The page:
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If your editor will allow it and if the author is right that it is
a death trap:
a) sales-oriented editors loathe to include negative information.
Pick your publisher accordingly and if you can, make sure the
choice of flag for required technical ability is conservative.
b) technical editors want to be *sure* the news is negative. I
can't count the numbers of descriptions of DTDs from early XML
books I edited that had to be re-written because they were factually
incorrect, or toned-down because they advocated a politic that
was not necessarily in the consumer's best interests.
My guess is that an XML Schema book published at this time
might have both sets of problems.
A good open conversation among the author, technical and
managing and production editors is a good thing for the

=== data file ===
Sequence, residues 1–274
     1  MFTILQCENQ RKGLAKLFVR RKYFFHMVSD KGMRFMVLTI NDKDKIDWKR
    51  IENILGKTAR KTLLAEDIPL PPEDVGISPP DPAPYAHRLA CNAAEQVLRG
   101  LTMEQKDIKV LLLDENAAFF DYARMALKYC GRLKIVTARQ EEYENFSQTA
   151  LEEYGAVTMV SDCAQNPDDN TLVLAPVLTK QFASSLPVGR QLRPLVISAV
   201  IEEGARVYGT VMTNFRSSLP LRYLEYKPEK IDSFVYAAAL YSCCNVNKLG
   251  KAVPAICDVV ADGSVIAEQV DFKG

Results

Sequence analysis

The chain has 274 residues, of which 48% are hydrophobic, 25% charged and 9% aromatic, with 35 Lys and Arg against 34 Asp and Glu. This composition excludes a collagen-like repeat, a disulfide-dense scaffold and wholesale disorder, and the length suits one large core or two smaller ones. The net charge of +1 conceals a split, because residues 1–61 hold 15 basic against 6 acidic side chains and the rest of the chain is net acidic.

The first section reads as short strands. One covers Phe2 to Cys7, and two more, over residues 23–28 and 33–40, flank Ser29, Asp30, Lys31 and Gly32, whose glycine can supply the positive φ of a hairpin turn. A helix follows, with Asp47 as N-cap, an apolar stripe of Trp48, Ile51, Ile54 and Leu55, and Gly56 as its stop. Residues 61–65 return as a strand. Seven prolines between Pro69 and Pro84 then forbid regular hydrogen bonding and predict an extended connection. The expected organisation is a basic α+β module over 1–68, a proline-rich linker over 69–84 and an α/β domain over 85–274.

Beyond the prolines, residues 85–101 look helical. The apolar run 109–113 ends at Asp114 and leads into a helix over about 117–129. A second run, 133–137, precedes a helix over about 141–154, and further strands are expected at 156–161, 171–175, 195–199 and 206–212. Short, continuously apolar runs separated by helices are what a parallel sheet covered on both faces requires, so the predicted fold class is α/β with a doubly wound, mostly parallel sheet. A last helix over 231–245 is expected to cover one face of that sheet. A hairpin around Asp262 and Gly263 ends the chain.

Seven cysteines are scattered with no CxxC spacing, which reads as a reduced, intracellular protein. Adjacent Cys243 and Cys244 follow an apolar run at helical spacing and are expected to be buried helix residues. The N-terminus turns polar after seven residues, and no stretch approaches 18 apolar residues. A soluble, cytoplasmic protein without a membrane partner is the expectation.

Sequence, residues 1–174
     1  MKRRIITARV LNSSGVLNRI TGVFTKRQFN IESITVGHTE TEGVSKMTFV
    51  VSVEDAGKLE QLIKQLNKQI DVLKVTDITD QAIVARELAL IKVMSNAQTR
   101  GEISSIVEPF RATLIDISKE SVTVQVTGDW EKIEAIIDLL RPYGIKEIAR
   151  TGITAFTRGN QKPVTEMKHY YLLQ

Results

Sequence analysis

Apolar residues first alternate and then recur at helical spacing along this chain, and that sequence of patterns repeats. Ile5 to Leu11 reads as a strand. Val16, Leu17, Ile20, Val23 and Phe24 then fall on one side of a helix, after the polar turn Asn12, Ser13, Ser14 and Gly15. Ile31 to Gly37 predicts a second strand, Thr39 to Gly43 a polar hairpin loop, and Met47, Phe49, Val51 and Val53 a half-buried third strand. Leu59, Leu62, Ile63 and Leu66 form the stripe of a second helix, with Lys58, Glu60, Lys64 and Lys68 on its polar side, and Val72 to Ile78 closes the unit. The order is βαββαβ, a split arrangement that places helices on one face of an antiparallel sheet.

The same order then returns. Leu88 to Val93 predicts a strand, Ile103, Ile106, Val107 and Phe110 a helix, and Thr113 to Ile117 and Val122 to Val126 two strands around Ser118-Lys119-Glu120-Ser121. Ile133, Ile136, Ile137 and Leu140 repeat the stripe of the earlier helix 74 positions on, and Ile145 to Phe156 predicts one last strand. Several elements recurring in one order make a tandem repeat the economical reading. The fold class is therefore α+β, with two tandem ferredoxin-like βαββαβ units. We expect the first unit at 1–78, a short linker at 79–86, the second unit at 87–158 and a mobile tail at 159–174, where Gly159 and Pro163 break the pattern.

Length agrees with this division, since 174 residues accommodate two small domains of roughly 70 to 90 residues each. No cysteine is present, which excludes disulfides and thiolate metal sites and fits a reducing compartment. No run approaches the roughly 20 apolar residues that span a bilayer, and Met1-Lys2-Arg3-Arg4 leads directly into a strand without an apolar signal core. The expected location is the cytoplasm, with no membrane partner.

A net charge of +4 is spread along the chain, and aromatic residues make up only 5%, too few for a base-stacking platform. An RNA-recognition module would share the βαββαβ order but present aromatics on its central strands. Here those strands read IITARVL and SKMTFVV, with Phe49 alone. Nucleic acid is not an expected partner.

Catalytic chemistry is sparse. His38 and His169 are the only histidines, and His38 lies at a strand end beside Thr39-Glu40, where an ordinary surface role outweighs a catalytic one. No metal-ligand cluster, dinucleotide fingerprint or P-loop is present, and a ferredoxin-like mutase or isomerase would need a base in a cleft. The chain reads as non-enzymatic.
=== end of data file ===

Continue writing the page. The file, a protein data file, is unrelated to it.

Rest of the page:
new books on the latest emerging technologies. It usually
doesn't work that way.
Anyone noticed that technical book publishing is in something
of a slump right now? The vendors need to pick up the slack.
From: Joshua Allen [mailto:email@example.com]
And since only
two percent of the travelers read the map before heading off across the
field, it is up to the book authors and tool vendors to put big orange
flags near the death-traps that we discover, so more people make it to
the land of productivity without getting bad attitudes.